Unhappy little clouds
I have had three free weekend days to get some real physical painting done and three times I have failed to paint clouds.
I have two surfaces prepped and ready for paint. Two photos printed at 2 x 3 feet and mounted on wood panels. The two photographs were taken on a very foggy morning at Pacific City, OR. The kind of morning where the sky blends into the ocean and there is no horizon.
For the first of these paintings, I imagined a Rothko-esque square of sky painted atop the grey ocean-sky. I began well enough with a gradient of blue to pink to yellow - sunrise colors. But each time I have tried to tackle the clouds I keep missing the mark. The results are too dark, slightly wonky, or just wrong.
I am making the same error I always make. I’m jumping to the end before I finish the beginning.
In undergraduate school I was painting and drawing every day. After graduating I took a job as a mural painter. So again, I was painting every day. I went to graduate school; I was painting every day.
When you get that much practice the fundamentals come faster and become sort of automatic. You can plan less and dive right in. I remember one afternoon in my hanging out in my graduate school studio with my girlfriend. She sat at my work table and I grabbed a bench and a drawing board. In no time at all I had a sharp portrait drawn in charcoal pencil. Good likeness, clean, no obvious drawing errors. I still have it in a folder somewhere.
I can’t do that now. Because now I have a job and I work more than I paint. I am literally out of practice. I keep trying to paint like a 23 year old with nothing to do but paint. I skip the fundamentals as if I can, but I can not.
Clouds are complicated. They’re mostly transparent, reflective, and have no real shape. They also don’t sit still for very long.
With a little time to reflect I think I know where I went wrong:
I jumped to a smaller quarter inch filbert brush way too fast. For a painting of this size that brush is for details.
Remember Bob Ross. Remember his mighty 2” brush. Paint the big shapes first. With two colors and a big brush you can arrive at the silhouette of clouds with no detail and it works far better than the fiddly business I painted.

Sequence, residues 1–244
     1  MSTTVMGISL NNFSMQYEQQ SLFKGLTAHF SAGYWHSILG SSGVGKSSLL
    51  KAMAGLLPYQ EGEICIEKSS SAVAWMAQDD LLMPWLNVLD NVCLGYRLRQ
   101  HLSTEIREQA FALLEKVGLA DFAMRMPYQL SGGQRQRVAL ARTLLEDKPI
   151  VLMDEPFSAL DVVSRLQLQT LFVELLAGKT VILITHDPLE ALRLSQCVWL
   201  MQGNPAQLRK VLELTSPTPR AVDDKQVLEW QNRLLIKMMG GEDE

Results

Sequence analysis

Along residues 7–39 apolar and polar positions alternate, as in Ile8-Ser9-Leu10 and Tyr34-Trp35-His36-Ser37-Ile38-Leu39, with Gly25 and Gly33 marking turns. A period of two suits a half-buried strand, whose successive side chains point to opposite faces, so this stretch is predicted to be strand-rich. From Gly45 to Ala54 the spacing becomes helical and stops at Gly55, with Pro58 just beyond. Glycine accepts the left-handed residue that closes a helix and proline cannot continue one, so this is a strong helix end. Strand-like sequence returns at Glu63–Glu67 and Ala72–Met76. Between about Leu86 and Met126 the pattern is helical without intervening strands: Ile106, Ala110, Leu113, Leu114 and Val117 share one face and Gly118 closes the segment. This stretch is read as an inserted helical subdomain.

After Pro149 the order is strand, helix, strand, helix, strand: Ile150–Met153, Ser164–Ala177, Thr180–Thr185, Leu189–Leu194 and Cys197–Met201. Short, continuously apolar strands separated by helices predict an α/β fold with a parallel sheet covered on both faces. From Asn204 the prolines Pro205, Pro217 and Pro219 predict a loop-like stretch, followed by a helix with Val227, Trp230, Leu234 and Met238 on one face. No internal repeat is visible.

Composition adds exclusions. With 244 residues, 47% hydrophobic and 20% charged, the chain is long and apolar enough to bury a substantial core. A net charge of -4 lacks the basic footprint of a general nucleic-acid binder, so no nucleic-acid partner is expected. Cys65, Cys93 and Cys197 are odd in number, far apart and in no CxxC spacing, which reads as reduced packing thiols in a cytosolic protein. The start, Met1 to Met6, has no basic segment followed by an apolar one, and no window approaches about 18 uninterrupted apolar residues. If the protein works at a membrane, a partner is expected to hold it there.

Clouds aren’t white
Clouds don’t have an intrinsic color. Clouds are made of water, and water is clear. They reflect light and mute the colors you see through them. Clouds look white in the bright sun, because they are reflecting bright sunlight. They are dark and grey because you’re standing in their shadow. They are soft blue at the edges when you see the blue sky through them. At sunset they reflect the purple-pink colors back to you.
Clouds have volume
In my three failed attempts to paint a cloudy sky I kept painting cloud-like patterns of color - but I really wasn’t thinking about volume. So I wasn’t thinking about where the light is coming from or where it might cast a shadow. I wasn’t thinking about which part of the clouds were in front and which were in back. I was thinking two dimensionally.
To get my head back in the right place I drew a sphere on my iPad. Light on the top, shadow on the bottom, a little reflected light. This cliche’d exercise works for a reason.
Clouds have no edges
Well. They have some edges. But clouds are fog in the sky. If you’ve flown through clouds in an airplane you know how everything close to you is a blurry indistinct fog. The edges are an illusion, only appearing from a great distance.
To help get my head right about this, I made a blurry sphere.
Or more accurately, I made my sphere blurry with a big blending brush. This already looks more like a cloud then what I had been working on.,
Put it all together
A few doodles on my iPad got my head back to the right place. Without a photo reference, I doodled out the following:
I wouldn’t call this amazing but I would note that it looks like clouds lit by the sunrise below and not fiddly cloud mush in the sky.
Now maybe I can go fix my painting.